Gas: the Bulgaria-Turkey agreement, a boon for Moscow in order to circumvent the sanctions?

Gas the Bulgaria Turkey agreement a boon for Moscow in order

Chase the Russian gas through the door, it comes back through the window. This is what seems to worry the European Union, while a gas agreement signed between Bulgaria and Turkey could have the consequences of a resurgence of Russian gas exports to Europe, which the European Union is trying to get rid of. since the start of the invasion of Ukraine.

At first glance, this agreement seems to tick the opposite objective. On January 3, the Bulgarian government announced the signing of an agreement with Turkey to end its dependence on Russian gas. Moscow indeed provided almost all of the supplies for this Eastern European country, before cutting its exports sharply following the start of the invasion of Ukraine. “We will thus be able to buy gas from all international producers and unload it in Turkey, where it suits us best logistically,” declared Bulgarian Energy Minister Rossen Hristov at the time. According to Politico, the agreement could cover up to 60% of annual gas demand in Bulgaria. It would also give access to Bulgarian pipelines to Botaş, the Turkish state gas company, to sell gas in neighboring countries, such as Romania.

“Opening the Door to Russian Gas”

But the origin of this imported gas raises questions. Today, 45% of Turkish gas supplies come straight from Russia, through the TurkStream gas pipeline, located under the Black Sea. However, according to the conditions of the agreement signed between Sofia and Ankara, Bulgaria would have no ability to know the origin of the gas it would import from Turkey. Bulgargaz, the Bulgarian state oil company, would collect the gas directly at the border with Turkey and would have no access to Turkish infrastructure. What to say to Aura Sabadus, CIHI Analyst (Independent Commodity Intelligence Services), that this contract could “very well open the door to Russian gas” in the European Union.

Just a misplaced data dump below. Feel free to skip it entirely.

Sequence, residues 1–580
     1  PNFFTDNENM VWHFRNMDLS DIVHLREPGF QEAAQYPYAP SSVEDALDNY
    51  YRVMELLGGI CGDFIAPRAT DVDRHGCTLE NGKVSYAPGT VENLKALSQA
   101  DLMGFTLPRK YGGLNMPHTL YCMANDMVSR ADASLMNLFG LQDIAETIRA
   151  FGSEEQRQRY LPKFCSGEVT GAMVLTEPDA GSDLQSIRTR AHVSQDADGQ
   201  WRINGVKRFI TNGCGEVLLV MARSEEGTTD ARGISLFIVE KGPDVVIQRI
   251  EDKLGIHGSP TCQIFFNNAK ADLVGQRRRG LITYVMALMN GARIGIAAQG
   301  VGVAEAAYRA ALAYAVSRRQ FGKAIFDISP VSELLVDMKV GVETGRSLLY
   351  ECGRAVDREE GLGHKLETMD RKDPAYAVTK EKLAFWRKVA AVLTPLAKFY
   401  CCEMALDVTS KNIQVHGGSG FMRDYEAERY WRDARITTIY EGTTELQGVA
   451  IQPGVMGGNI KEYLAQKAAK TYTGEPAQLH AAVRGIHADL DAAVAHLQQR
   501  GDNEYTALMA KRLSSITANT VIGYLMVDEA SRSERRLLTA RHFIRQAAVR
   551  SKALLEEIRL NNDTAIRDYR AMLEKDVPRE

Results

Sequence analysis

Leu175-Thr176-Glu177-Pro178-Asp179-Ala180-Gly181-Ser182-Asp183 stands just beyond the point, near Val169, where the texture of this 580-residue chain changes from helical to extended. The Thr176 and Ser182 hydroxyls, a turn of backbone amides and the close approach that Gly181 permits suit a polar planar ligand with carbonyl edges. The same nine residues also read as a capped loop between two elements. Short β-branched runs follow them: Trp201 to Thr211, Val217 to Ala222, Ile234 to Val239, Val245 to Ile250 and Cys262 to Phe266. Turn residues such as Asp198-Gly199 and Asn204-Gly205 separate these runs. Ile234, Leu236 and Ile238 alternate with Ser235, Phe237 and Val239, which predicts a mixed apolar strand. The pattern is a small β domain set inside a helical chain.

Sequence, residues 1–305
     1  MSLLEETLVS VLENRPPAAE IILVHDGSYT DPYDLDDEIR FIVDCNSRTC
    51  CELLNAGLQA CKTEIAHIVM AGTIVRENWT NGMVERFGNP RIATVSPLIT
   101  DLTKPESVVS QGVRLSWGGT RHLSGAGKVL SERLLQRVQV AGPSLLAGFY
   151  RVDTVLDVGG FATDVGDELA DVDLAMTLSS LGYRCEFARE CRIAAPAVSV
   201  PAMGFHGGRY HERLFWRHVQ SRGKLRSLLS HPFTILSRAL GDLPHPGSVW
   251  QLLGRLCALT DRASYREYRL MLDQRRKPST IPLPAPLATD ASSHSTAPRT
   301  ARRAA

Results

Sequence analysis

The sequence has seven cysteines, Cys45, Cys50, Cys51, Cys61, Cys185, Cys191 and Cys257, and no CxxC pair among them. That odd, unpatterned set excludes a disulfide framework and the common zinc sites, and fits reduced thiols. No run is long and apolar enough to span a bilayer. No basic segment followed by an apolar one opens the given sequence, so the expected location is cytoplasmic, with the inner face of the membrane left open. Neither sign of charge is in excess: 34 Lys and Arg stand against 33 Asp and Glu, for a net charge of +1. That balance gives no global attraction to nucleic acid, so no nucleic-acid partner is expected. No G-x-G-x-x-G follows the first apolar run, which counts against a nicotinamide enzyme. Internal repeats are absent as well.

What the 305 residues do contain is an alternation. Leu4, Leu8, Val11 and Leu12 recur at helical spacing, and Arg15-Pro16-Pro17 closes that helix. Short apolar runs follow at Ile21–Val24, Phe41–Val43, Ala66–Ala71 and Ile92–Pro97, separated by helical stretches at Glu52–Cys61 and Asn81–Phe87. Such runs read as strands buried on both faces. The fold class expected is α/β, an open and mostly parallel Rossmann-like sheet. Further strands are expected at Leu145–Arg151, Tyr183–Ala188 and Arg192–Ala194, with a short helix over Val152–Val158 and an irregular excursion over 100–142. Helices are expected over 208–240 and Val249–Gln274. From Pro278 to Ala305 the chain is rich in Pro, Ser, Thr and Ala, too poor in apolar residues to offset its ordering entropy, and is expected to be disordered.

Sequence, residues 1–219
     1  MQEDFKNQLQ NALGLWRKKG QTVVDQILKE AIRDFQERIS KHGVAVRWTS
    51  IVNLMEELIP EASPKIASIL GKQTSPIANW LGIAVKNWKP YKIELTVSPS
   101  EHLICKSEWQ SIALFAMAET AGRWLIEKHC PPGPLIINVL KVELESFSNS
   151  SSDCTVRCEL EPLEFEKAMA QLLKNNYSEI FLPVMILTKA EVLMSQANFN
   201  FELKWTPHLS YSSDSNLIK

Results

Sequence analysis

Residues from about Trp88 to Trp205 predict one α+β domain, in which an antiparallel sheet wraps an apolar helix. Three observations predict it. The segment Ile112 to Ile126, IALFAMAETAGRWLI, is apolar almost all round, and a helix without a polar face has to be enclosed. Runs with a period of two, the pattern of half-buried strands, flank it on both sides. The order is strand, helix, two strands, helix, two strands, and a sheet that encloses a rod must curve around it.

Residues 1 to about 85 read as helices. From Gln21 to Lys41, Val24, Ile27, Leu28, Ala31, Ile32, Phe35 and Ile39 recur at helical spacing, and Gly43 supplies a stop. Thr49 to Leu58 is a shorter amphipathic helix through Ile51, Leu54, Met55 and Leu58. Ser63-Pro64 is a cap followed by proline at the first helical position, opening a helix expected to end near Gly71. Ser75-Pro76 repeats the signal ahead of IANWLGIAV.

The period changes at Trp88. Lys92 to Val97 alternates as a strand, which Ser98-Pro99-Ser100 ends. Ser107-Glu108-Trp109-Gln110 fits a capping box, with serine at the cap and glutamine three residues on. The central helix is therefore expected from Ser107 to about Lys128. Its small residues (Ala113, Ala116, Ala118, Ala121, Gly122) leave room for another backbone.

Because if the EU has set itself the objective of cutting off Russian gas imports by 2027, this agreement between Ankara and Sofia must last until 2035. That is almost eight years when Russia could continue to supply a Member State of the European Union, contrary to the political and diplomatic positions advocated by Brussels.

A scenario all the more conceivable as Turkey fully assumes, for its part, its desire to act as commercial intermediaries between Russia and Europe. Turkish President Recep Tayyip Erdoğan even signed an agreement with Vladimir Putin in October 2022 for Turkey to become a “gas hub” at the gates of Europe, in particular following the shutdown of the Nord Stream 1 and 2 gas pipelines. The two presidents must also see each other again this Monday, September 3, but to address a completely different subject: that of the agreement on Ukrainian cereals.

A “new era of Russian trade”?

This Bulgarian example could well presage a new strategy employed by Moscow. According to Aura Sabadus, the Bulgarian case shows that we could enter “a new era of Russian trade”. No more official and fabulous contracts, given the diplomatic situation between the European Union and Moscow: from now on, it will be more through indirect exports that Russia could continue to supply European gas pipelines.

The Bulgarian case raises fears within the mysteries of the EU. A European diplomat, quoted by Politico on condition of anonymity, expressed his “concern about third countries seeking to avoid EU sanctions”, targeting quite directly the ambiguous role played by Turkey since the start of the war in Ukraine. This same diplomat also adds: “We must all be vigilant on this point, and we will carefully monitor the origin of the imported gas.”

The Bulgarian state gas company, Bulgargaz, defended itself, again with Politico : the “fundamental prerequisite” of the agreement is that “the imported gas must come exclusively from countries not affected by sanctions, embargoes or trade restrictions”, she said. But this opacity accepted in the origin of the imported gas makes people cringe even in Bulgaria. The new reformist government elected last April, after the signing of the agreement, thus declared that this contract “should not have been signed”.